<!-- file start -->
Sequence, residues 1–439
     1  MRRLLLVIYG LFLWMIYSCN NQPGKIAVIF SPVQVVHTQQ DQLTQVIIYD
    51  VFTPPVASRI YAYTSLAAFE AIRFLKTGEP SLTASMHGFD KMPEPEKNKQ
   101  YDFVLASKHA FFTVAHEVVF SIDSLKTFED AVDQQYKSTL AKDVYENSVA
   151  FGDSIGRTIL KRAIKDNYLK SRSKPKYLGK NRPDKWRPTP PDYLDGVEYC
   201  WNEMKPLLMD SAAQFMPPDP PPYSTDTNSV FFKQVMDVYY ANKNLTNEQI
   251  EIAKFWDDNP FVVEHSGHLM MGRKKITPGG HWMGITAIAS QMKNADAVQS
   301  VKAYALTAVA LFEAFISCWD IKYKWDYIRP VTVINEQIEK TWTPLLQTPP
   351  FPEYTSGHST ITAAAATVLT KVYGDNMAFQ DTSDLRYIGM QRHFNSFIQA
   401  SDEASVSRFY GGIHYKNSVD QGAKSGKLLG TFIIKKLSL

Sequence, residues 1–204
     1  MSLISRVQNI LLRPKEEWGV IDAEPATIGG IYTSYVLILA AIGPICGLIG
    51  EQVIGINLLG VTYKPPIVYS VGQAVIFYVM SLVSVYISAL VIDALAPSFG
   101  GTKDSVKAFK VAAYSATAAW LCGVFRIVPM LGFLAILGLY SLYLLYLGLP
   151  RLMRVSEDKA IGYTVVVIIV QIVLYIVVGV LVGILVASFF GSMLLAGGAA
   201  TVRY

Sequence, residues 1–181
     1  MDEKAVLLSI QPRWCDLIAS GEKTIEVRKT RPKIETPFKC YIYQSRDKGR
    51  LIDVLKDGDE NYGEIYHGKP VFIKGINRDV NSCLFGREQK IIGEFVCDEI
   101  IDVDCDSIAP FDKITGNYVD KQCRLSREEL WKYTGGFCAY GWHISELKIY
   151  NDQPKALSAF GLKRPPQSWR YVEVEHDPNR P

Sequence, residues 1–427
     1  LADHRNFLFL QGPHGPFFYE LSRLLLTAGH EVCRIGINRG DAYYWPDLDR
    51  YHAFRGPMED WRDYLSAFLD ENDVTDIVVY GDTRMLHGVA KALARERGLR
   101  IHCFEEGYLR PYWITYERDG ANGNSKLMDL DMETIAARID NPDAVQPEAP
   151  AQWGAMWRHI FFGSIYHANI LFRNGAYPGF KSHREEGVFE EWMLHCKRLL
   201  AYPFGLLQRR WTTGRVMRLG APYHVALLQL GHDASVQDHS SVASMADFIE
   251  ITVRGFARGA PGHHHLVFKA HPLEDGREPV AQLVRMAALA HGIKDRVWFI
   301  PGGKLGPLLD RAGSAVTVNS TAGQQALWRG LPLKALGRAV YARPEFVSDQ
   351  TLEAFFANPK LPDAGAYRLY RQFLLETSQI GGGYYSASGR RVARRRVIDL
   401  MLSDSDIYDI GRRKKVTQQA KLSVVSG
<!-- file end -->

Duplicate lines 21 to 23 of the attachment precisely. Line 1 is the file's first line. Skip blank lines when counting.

   151  NDQPKALSAF GLKRPPQSWR YVEVEHDPNR P

Sequence, residues 1–427
     1  LADHRNFLFL QGPHGPFFYE LSRLLLTAGH EVCRIGINRG DAYYWPDLDR